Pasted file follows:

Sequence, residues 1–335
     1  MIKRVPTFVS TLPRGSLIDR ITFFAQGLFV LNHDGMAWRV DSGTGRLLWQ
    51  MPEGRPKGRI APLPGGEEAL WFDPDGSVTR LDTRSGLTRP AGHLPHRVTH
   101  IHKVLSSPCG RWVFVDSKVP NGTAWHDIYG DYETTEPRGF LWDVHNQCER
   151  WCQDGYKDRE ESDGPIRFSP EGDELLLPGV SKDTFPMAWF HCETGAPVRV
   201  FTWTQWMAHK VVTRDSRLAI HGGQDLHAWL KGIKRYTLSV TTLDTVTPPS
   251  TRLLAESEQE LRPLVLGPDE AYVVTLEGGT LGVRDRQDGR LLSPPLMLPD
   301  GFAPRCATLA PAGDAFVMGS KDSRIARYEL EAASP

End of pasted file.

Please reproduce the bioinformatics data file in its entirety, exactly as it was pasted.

Sequence, residues 1–335
     1  MIKRVPTFVS TLPRGSLIDR ITFFAQGLFV LNHDGMAWRV DSGTGRLLWQ
    51  MPEGRPKGRI APLPGGEEAL WFDPDGSVTR LDTRSGLTRP AGHLPHRVTH
   101  IHKVLSSPCG RWVFVDSKVP NGTAWHDIYG DYETTEPRGF LWDVHNQCER
   151  WCQDGYKDRE ESDGPIRFSP EGDELLLPGV SKDTFPMAWF HCETGAPVRV
   201  FTWTQWMAHK VVTRDSRLAI HGGQDLHAWL KGIKRYTLSV TTLDTVTPPS
   251  TRLLAESEQE LRPLVLGPDE AYVVTLEGGT LGVRDRQDGR LLSPPLMLPD
   301  GFAPRCATLA PAGDAFVMGS KDSRIARYEL EAASP